Objective: Several population-based studies in iodine-deficient areas have shown an association between smoking and thyroid function. There are no population-based studies about the effects of smoking in iodine-sufficient areas. We examined the effect of smoking on thyroid function and the association with iodine intake in Korea, an area with sufficient iodine intake, much more than recommended by the World Health Organization (WHO).
Design: Of 5018 subjects in a population-based cohort, we included 3399 who had no history of thyroid disease were not taking thyroid medication and whose blood samples were available for measurement of thyroid function.
Measurements: Thyroid function test, questionnaire about smoking status and dietary intake.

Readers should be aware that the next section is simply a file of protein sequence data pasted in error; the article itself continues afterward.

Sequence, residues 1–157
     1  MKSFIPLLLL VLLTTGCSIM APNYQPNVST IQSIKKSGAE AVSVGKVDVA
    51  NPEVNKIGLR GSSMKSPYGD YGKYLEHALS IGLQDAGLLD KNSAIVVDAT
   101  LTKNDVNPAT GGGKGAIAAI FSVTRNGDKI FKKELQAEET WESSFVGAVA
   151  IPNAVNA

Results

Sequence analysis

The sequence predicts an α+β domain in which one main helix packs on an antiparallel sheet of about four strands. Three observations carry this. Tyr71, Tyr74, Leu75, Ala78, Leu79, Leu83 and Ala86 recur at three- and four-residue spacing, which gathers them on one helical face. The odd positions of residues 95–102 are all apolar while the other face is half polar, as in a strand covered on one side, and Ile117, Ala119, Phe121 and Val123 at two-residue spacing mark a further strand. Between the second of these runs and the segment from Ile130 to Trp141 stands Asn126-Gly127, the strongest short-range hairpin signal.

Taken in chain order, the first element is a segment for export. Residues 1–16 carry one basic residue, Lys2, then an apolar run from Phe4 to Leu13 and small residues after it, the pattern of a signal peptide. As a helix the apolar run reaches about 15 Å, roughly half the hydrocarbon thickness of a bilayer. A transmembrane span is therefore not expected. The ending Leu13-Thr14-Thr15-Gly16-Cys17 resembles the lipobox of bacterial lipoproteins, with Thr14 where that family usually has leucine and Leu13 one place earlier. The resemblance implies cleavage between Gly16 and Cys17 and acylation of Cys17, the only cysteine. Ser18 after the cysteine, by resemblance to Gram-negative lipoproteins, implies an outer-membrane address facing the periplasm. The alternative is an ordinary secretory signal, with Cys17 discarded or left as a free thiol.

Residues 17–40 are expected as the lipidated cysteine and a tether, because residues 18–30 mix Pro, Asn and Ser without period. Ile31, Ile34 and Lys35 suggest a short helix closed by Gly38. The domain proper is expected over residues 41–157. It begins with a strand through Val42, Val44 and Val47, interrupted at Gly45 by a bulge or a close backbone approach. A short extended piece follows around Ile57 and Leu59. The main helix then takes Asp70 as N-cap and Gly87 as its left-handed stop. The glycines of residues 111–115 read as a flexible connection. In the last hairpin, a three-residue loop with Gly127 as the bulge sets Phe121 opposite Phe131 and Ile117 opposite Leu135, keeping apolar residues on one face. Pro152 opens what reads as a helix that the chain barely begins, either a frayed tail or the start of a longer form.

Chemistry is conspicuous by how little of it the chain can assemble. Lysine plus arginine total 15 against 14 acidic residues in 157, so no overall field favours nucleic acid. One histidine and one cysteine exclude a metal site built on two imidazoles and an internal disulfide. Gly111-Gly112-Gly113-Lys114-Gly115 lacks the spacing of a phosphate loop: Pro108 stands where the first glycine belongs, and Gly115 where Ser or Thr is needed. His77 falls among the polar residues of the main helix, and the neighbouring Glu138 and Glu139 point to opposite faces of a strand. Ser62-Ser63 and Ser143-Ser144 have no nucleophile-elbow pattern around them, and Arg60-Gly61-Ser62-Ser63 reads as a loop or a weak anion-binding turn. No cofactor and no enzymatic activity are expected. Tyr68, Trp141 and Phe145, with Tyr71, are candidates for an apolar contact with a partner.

Results: Of 3399 subjects, 397(11.7%) had subclinical hypothyroidism (SCH). Female sex was an independent risk factor for SCH. Multivariate analysis in female subjects showed the following were independent risk factors for SCH: older age, positive antithyroid peroxidase (anti-TPO) antibody status and iodine intake, whereas current smoking was inversely related with SCH. However, in male subjects, only age showed a weak association with SCH. When the interaction between smoking and other risk factors was analysed, smoking showed no association with anti-TPO antibody status, whereas it showed a significant negative interaction with iodine intake (odds ratio, 0.930; 95% CI, 0.869-0.996; P = 0.037). Furthermore, the risk for SCH was observed only in the never-smoker group; however, it was abolished in current- and ex-smoker groups.
Conclusion: Cigarette smoking was associated with a lower prevalence of SCH in a negative interaction with iodine intake.